Origins of… Shame

Genesis 3:7-13, 21

Having given in to temptation and sinned (as we explored in the previous sermon), we now look at the effect this had on the man and the woman and the way it affected their relationship with each other and with God.

The first thing mentioned is that they realised they were naked and attempted to solve this problem by sewing together fig leaves to make loincloths for themselves. As chapter 2 ended, we were told that they ‘were both naked and were not ashamed’, but now something has changed. Once they had sinned, there was a sense of shame associated with their nakedness. They felt exposed and tried to solve this through their improvised clothing.

This attempted solution clearly did not suffice, as when they heard the Lord hiding in the garden they hid. This is a defining feature of shame; fear of being exposed and so attempting to hide from God and from others. This hiding is both physical (in the trees) and rhetorical (failing to take responsibility but rather shifting the blame – first from the man onto the woman and then from the woman onto the serpent).

Shame is both a common and a right response to having done wrong. It demonstrates an awareness of our unfitness to stand before God in our sin. In verse 21, despite their sin and banishment, God provides clothing for Adam and Eve. Even at this early stage of the story we see that the way shame will ultimately be covered is not by the efforts of the man and the woman but by God’s gracious provision. This is pointing us to Christ’s atoning death on the cross, through which all our sin is vanquished and we are clothed in his righteousness, and so no longer have any reason to be put to shame.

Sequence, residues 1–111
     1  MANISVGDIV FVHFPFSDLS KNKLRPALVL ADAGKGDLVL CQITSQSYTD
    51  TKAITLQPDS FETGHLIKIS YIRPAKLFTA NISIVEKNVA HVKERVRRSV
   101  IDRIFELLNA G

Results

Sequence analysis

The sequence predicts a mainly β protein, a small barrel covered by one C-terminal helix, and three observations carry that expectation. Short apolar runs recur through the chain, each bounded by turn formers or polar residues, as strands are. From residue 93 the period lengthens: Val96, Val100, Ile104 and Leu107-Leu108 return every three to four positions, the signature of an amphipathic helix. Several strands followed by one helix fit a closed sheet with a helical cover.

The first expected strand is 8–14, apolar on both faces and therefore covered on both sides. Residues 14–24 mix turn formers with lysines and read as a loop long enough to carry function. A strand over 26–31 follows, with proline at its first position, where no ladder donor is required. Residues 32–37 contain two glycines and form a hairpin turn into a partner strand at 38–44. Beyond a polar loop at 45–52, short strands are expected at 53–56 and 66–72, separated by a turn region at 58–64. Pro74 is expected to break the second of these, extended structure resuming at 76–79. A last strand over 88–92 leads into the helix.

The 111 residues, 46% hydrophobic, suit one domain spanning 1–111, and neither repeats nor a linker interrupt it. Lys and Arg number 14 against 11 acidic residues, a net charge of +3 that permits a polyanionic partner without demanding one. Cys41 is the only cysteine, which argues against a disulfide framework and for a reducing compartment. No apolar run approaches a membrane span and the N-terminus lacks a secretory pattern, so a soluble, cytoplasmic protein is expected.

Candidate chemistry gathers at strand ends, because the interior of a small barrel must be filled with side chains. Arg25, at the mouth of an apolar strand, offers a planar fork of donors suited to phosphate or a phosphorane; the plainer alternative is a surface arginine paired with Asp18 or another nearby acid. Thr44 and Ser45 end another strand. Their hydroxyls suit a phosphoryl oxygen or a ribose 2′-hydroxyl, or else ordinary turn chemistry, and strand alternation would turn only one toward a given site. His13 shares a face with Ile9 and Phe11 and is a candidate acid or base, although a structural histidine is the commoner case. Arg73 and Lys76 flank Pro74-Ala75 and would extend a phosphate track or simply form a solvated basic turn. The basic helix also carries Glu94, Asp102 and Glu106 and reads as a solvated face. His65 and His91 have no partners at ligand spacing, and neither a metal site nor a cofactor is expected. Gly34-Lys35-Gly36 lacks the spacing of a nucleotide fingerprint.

Some Key Points:

  • Having sinned, the man and the woman experience shame, and attempt to cover themselves and hide from God. They also shift the blame for their sinful activity.
  • God himself provides the coverings that they need, giving garments of skins. These skins were the results of sacrifices that were made to cover their shame.
  • This points us to the death of Christ, by which our shame is ultimately covered.

Following the Threads:

  • The Old Testament frequently makes use of the ‘filthy garments’ metaphor for our sin (e.g. Isaiah 63:2) and even for our supposed good deeds (Isaiah 64:6). This highlights the shame that we bear.
  • Isaiah 61:10 is a prophetic passage speaking of garments of salvation and the robe of righteousness. This is fulfilled as we are given the righteousness of Christ (see for example Romans 5:17).
  • Hebrews 12:2 talks of the shame of the cross. Jesus bore our sin and was stripped and exposed. His shame was such that the Father hid his face. We are told that Jesus despised the shame. Unlike Adam and Eve his response to the moment was not shaped by the shame he bore, but by the mission he had come to fulfil.
  • Romans 10:11 makes it clear that now for followers of Jesus, we can never be put to shame.
  • Revelation 19:6-8 explains that this is because we now have been covered by fine linen, bright and pure.

Potential Applications:

  • Grace Emphasis – Many will be living with shame because of particular sins they have committed. It is important in this message to have a strong emphasis on grace and point them to the one who takes away all our shame.
  • The Way We Treat Others – Western culture is becoming increasingly shame-orientated, with people being ‘cancelled’ and exposed on social media if they say or do things that are deemed wrong. There is a challenge here to live in a counter cultural way, to reach out to those who are shamed and to offer the free grace of the gospel.